California Franchise Relations Act

International franchisors inbound into the U.S. face a complex set of business decisions and legal regulations.  Even seemingly simple tasks–like properly executing a franchise registration application–can become a time-consuming and expensive endeavor (especially where the franchisor does not have an authorized signatory in the U.S.).  Knowing how and when to request waivers can save time

41235506_sYou’ve developed the concept.  You’ve protected the IP.  You’ve invested in the many upfront costs of franchising.  And to protect all your hard work, you conduct due diligence to find the best franchisees.

And if that franchisee wants to sell the franchise to a stranger, you should have almost unlimited veto power, right?  Not so

© 2005 iStockphoto LP. All rights reserved.Finding the right franchisee can be a daunting task.  Despite a franchisor’s best efforts, sometimes a franchisee just isn’t a good fit.  When it’s not working out, franchisors rely on termination and non-renewal provisions in their franchise agreements to legally end the relationship.

In addition to this business reality, recent amendments to California’s Franchise Relations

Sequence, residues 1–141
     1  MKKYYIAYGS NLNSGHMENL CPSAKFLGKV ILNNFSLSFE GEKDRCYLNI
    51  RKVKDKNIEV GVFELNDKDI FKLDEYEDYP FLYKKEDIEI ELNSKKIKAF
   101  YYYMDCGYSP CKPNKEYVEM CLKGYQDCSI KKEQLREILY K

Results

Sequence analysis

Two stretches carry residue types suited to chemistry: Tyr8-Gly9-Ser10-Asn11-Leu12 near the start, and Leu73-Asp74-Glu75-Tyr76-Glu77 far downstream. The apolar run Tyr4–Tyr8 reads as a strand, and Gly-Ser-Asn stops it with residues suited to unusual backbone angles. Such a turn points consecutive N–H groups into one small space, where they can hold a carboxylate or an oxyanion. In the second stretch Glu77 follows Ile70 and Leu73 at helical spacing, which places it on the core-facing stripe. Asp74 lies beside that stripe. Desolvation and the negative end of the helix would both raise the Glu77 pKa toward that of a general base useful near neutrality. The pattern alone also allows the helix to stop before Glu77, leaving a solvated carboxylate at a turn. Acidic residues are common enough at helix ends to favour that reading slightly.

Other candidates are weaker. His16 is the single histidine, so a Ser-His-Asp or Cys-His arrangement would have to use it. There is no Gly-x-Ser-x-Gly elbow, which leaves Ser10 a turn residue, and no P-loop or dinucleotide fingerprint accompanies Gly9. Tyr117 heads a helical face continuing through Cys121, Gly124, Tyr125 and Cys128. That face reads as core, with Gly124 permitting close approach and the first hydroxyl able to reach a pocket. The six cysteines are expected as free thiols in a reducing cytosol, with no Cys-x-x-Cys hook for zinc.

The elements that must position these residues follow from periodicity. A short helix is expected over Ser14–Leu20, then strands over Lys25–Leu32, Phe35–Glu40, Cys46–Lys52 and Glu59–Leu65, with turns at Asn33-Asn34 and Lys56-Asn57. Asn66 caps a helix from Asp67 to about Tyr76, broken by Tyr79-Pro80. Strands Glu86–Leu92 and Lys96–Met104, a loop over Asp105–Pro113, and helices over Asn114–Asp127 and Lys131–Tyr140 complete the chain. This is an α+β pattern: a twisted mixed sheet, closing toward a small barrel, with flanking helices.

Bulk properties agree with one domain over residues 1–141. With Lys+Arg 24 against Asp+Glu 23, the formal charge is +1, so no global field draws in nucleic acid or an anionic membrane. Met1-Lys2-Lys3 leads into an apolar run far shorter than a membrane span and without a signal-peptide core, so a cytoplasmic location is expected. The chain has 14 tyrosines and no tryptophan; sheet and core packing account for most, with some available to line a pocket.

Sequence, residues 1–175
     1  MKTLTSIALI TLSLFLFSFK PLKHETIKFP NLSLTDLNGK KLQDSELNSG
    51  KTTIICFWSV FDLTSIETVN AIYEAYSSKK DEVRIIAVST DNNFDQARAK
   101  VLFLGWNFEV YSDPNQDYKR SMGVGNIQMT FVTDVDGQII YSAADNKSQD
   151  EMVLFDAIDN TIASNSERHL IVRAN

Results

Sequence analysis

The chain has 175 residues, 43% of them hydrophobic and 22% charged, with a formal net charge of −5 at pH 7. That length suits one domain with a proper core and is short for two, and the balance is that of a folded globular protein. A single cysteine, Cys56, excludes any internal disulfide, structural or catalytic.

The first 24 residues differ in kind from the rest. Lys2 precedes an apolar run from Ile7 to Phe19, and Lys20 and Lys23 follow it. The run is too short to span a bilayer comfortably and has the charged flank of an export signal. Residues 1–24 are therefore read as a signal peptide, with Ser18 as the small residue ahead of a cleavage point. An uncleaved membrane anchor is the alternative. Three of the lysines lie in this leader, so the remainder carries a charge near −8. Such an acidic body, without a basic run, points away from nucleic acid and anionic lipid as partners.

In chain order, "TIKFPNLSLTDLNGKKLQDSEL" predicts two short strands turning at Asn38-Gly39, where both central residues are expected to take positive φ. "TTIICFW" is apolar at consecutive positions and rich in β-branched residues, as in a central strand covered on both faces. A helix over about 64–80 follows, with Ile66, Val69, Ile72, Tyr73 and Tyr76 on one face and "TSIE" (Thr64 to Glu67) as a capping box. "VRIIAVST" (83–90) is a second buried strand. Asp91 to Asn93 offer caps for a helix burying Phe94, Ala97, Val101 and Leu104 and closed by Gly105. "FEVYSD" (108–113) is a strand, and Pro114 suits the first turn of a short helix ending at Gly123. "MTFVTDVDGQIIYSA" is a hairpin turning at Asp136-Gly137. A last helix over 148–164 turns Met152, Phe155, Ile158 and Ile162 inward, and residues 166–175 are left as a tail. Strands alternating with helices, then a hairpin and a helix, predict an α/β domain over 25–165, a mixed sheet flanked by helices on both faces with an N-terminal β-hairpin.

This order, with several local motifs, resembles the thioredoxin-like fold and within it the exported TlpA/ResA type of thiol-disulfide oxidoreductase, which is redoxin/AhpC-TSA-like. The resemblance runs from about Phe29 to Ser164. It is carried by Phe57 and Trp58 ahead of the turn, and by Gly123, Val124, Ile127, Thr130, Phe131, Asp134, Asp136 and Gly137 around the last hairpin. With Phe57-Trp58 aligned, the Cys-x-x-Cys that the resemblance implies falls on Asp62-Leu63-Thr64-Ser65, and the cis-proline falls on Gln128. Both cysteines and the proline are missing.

So, your franchise agreement has an airtight arbitration provision…right?  It probably says that if any disputes arise out of your franchise agreement, then they must be arbitrated (rather than litigated).  But what happens when creative plaintiff’s counsel argues that the arbitration provision itself is unenforceable?  Does your arbitration provision require that question to be arbitrated?

Contributed by Tom Kent

Legislation has been introduced in California that would significantly expand the protections afforded to franchisees under California’s Franchise Relations Act and California’s Franchise Investment Law. Assembly Bill No. 2305 known as “The Level Playing Field For Small Business Act of 2012” should be grabbing the attention of the franchise community, if it hasn’t already. Section